Referring now to the drawings wherein the showings are for the purposes of illustrating the preferred embodiment of the invention only and not for purposes of limiting same, in FIG. 2, the full sequence of steps for the preferred embodiment of the inventive process are set forth in relative diagrammatic form. It will be noted in comparing FIG. 2 to the prior art process shown in FIG. 1 and previously described that there is no separate sequence of steps required to form tip sections. Rather, the entire sequence of steps involves a progressive processing of what is basically a single element. In particular, as shown in FIG. 2, the process begins by the formation of an elastomeric tube that has an internal open diameter that corresponds to the desired internal diameter equal to the lumen diameter of the catheter to be made. The elastomeric body tube could be formed in other ways, but in the preferred form of the invention, it is formed by extruding a desired elastomeric material such as a relatively soft polyurethane onto a plated copper wire or monofilament of a suitable plastic having the desired lumen diameter. The wire can be in substantially any desired length, but is preferably a substantial number of multiples of the desired final length of the catheter being formed. The wire or monofilament which is to function as the mandrel in the formation of the basic elastomeric body tube is passed through a conventional extruder to coat the mandrel with a selected thickness of elastomer which would vary depending upon the size of the catheter being made. Thereafter, the elastomeric tube with the mandrel in place is passed through a conventional braiding machine which overlies the elastomeric body tube with multiple strands of a small diameter stainless steel wire. For example, it is common to use 16 strands of 0.003 inch diameter wire which is braided onto the elastomeric body tube in the manner discussed in my prior U.S. Pat. No. 3,585,707 which is incorporated herein by reference.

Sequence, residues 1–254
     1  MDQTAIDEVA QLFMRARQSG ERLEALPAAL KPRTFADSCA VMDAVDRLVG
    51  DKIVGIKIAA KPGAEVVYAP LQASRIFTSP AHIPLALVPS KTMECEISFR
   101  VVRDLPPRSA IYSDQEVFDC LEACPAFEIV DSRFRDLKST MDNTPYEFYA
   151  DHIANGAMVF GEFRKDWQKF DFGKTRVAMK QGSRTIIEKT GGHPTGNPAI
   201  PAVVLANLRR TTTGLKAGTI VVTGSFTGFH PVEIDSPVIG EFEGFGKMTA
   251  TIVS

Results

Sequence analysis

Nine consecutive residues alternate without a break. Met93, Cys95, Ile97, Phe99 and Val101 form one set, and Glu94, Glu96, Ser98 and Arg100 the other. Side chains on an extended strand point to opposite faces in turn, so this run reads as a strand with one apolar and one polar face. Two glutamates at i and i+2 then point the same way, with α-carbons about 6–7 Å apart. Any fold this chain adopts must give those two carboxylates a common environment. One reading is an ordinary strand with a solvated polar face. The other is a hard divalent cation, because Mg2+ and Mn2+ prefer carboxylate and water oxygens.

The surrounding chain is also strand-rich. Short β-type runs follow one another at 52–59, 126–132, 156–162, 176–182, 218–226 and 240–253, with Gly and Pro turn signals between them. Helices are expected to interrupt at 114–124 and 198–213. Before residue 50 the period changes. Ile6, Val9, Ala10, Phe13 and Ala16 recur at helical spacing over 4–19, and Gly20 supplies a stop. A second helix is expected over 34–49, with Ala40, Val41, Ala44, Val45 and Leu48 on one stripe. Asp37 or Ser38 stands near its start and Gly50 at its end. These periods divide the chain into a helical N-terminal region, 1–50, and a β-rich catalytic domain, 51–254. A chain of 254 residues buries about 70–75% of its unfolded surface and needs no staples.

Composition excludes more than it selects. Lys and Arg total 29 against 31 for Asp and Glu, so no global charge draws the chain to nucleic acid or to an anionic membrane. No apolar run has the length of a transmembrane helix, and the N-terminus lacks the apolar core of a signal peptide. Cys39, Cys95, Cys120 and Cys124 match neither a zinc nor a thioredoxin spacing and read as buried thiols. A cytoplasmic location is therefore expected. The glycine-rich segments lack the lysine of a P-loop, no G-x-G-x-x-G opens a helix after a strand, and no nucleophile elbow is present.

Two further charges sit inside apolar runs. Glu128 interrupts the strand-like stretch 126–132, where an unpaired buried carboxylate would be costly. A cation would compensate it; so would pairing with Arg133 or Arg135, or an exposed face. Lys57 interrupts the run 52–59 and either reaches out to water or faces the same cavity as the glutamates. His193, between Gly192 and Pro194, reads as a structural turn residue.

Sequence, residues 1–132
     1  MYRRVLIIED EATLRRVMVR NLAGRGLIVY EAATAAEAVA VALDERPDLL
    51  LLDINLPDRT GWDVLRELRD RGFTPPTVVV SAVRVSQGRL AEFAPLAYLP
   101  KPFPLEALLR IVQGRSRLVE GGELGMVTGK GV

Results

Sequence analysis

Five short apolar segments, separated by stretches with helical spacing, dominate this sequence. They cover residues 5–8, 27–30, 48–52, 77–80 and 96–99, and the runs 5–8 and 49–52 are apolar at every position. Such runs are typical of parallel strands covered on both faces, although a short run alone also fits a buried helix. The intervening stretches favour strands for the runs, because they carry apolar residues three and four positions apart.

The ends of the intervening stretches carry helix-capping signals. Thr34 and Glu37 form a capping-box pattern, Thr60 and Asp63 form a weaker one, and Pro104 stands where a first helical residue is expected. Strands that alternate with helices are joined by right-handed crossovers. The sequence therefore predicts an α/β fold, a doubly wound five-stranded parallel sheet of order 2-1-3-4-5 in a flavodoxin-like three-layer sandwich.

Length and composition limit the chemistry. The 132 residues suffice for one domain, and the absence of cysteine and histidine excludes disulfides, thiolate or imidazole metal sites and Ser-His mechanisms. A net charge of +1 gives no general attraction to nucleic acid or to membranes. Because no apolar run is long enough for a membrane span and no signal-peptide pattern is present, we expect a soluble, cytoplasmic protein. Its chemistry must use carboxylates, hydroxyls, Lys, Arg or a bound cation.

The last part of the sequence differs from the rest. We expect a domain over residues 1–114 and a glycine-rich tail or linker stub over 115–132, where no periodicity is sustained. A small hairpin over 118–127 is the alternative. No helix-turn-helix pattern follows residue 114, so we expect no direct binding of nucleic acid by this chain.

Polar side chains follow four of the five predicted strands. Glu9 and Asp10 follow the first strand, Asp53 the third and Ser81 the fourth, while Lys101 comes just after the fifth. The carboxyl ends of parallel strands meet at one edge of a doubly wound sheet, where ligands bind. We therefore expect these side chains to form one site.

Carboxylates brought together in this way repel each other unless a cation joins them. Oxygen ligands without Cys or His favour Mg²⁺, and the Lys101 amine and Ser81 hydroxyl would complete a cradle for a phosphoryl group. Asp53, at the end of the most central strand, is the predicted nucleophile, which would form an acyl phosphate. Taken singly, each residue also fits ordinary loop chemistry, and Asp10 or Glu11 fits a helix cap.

Thereafter, the braided overlay is coated at predetermined selected locations with a suitable coating capable of bonding the wire elements in the braided body together. Epoxy coatings have been used for this purpose. Coatings that can be UV cured are preferred because they can be cured in seconds. The coating over the braided sections can be applied with rollers, brushed on, or sprayed. It is important that only enough epoxy or other adhesives be applied to fill the interstices of the wire braid and onto the base coating. In the preferred form, when making a catheter having a length of 42 inches, the epoxy coating is applied to a width of approximately 41/2 inches every 42 inches. As will become apparent from the following description, alternatives to this are possible. For example, it would be possible to apply epoxy coating for 1 inch leaving a 21/2 inch uncoated section followed by a further 1 inch coating of epoxy. The reasons for this and the alternatives thereto will become apparent from the further description of the process.
Subsequent to the epoxy coating in the manner described above, the length of braided and epoxy coated stock is treated so as to remove approximately 31/2 inches of braided material every 42 inches within the epoxy coated section to leave approximately 3/4 inch of epoxy coated material on either side of the portion that has had the braid removed. The epoxy holds the remaining braided sections in place and prevents unraveling. Preferably, and in accordance with the preferred embodiment, the braid is removed by a grinding operation. The depth of the grind is approximately 0.006 inch so that the braiding is removed down to the base coat which is the formed elastomeric tube formed in the first step.
Centerless grinders are widely used in industry and in angiographic catheter manufacture in particular. Catheter stock is "fed" though the grinder to remove excess plastic and to bring it to an accurate diameter. The grinder also creates a smooth surface finish. Centerless grinders are also used to grind tapers on catheter tips.
In centerless grinding, the machine weighs over 1000 pounds. This helps to give it great accuracy (±0.0001 inch). The grinding wheel used in catheter production can be 6-8 inches in diameter with a width of 4 inches or greater. Perfect balancing is mandatory.